UK inflation rises in December while furniture prices ease

Furniture prices fell in December to its lowest rate of the year as overall inflation increased for the first time since February 2023.

According to the latest Office for National for National Statistics (ONS) data, the Consumer Prices Index (CPI) rose by 4.0% in the 12 months to December 2023, up from 3.9% in November. On a monthly basis, CPI rose by 0.4% in December 2023, the same rate as in December 2022.

Furniture and furnishing prices rose by 1.2% in December, down from 2.4% in November, while declining from 11.9% compared to the same month last year.

The retail price of household furniture increased by 1.2% in the month, down from a rise of 2.4%, while down from 12.1% last year.

Garden furniture prices rose 3%, down from 4.3% on last month and down from 12.2% compared to last year.

Carpets and other floorcoverings prices rose 4.8%, down from 5.7% the previous month, while also down from an 10.5% rise last year.

Other household textile prices, including furnishings fabrics, curtains and bedding, saw prices rise by 2.5%, up from 1.9% the previous month, while down from 7.2% on last year.

Meanwhile, Producer Price Inflation (PPI) saw the rate of furniture output prices, factory gate, rise 4.4% in December on the same month in the previous year. The rate was down from the rise of 5.4% in November.

Furniture input prices, material cost of production, were down -2.7% in December on the same month last year, and down from a decline of -2.5% the previous month.

Producer input prices fell by 2.8% in the year to December 2023, down from a revised fall of 2.7% in the year to November 2023. Producer output (factory gate) prices rose by 0.1% in the year to December 2023, up from a revised fall of 0.1% in the year to November 2023. On a monthly basis, producer input prices fell by 1.2% and output prices fell by 0.6% in December 2023.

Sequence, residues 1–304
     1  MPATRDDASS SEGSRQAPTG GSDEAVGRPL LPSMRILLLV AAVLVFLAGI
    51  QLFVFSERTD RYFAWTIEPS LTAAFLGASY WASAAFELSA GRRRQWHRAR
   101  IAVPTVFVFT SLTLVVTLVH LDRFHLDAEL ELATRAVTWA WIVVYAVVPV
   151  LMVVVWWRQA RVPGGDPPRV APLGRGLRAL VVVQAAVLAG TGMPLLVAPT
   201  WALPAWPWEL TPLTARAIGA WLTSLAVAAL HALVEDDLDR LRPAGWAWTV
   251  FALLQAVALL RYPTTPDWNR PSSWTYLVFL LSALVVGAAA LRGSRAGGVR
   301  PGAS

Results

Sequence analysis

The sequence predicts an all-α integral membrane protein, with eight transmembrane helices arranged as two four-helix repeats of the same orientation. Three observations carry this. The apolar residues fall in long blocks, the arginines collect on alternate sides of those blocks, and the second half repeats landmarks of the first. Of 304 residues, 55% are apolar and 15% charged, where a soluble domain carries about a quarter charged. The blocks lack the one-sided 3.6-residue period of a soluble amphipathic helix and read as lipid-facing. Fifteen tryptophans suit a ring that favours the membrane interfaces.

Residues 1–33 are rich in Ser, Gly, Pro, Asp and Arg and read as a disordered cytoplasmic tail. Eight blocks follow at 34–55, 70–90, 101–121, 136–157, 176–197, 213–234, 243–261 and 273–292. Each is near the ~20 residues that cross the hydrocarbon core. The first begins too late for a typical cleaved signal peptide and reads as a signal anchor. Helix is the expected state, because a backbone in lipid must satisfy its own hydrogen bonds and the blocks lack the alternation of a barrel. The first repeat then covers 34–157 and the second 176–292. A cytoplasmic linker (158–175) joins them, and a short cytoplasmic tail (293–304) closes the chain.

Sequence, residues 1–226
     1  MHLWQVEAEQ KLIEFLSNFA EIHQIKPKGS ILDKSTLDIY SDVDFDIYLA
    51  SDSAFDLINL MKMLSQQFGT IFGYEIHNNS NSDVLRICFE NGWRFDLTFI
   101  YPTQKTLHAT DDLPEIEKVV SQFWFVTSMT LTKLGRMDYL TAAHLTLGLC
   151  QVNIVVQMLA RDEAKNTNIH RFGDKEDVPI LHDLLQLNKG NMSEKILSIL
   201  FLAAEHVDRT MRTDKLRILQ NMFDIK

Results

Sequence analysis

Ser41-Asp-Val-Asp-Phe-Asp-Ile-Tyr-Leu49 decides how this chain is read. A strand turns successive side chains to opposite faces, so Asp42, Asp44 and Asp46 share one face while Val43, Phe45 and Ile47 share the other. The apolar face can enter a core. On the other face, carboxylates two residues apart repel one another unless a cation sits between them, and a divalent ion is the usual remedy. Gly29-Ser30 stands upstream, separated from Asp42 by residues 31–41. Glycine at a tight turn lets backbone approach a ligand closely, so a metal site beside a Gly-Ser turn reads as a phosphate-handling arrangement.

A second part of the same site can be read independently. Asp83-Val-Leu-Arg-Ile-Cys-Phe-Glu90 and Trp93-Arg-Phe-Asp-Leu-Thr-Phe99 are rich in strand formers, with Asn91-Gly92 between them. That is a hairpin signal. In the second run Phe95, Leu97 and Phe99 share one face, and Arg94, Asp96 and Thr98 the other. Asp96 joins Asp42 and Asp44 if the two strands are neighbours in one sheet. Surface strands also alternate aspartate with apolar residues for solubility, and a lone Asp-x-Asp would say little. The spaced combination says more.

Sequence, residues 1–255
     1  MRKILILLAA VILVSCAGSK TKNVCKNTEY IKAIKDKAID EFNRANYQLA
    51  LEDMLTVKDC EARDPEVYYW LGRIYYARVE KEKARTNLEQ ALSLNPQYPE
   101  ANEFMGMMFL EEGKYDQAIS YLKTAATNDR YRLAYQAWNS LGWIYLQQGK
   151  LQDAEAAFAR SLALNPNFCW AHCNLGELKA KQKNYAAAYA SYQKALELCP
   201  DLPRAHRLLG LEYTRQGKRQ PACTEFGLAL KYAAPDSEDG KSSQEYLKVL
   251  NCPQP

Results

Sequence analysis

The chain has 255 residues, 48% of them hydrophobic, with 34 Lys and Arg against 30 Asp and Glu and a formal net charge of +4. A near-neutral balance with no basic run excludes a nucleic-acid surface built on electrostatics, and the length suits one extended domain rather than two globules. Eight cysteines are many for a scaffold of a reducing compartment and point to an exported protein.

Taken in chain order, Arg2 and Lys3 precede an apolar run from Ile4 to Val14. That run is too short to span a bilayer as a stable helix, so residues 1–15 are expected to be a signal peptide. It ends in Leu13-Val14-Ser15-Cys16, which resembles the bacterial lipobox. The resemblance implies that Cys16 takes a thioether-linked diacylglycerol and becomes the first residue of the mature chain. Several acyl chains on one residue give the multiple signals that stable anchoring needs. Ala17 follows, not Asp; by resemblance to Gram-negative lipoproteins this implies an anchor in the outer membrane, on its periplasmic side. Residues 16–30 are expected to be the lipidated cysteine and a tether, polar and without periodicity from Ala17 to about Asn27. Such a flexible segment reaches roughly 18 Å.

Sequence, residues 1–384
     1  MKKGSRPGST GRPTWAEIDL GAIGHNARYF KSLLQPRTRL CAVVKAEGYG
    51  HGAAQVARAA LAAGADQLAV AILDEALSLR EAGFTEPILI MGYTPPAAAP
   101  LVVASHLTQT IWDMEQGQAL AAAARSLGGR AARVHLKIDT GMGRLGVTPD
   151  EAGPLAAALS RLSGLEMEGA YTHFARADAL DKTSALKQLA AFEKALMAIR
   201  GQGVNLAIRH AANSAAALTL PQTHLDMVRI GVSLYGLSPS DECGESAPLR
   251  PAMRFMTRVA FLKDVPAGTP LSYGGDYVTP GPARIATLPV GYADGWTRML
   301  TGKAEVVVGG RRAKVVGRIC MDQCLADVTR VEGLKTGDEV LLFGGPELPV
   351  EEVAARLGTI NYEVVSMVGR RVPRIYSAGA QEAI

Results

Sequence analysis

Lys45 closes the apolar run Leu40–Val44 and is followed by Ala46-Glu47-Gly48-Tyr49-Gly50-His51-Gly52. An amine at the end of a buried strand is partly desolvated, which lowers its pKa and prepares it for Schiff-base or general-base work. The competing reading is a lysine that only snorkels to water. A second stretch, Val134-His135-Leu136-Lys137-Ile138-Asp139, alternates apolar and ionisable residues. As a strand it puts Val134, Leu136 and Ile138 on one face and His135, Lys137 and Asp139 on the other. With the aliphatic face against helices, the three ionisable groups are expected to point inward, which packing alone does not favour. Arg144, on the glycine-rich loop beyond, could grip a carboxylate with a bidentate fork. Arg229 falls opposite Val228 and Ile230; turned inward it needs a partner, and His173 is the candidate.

Commenting on the inflation figures for December, ONS Chief Economist Grant Fitzner said: “The rate of inflation ticked up a little in December, with rises in tobacco prices due to recently introduced duty increases. 

“These were partially offset by falling food inflation, where prices still rose but at a much lower rate than this time last year. Meanwhile, the prices of goods leaving factories are little changed over the last few months, while the costs of raw materials remain lower than a year ago.” 

Kris Hamer, Director of Insight of the British Retail Consortium, said: “Efforts to bring down inflation faltered in December, with rises in clothing and footwear and alcoholic beverages and tobacco products. Despite retailers’ efforts to deliver an affordable Christmas for everyone, high input costs increased inflation rates in furniture and household equipment. There was a ninth consecutive fall in the inflation rate for food relieving some pressure on struggling households. While inflation overall remains positive, there were falls in the price of fish and yoghurt, though the price of other products such as olive oil rose due to extreme weather conditions in Europe. Meanwhile, gifting was made cheaper by the falling price of footwear and toys.

“Retailers face a number of extra costs this year that threaten the progress made to reduce prices. New EU border checks this month, disruption in the Red Sea, a hike to business rates in April, and the potential of a new grocer surtax in Scotland are all challenges that retailers need to navigate in 2024. With an election in the next 12 months, it is time political parties understand the value of retail to the wider economy and set out a clear and cohesive plan for retail in their manifestos. Allowing retail to thrive will create jobs, bring down prices for households, and support communities up and down the country.”

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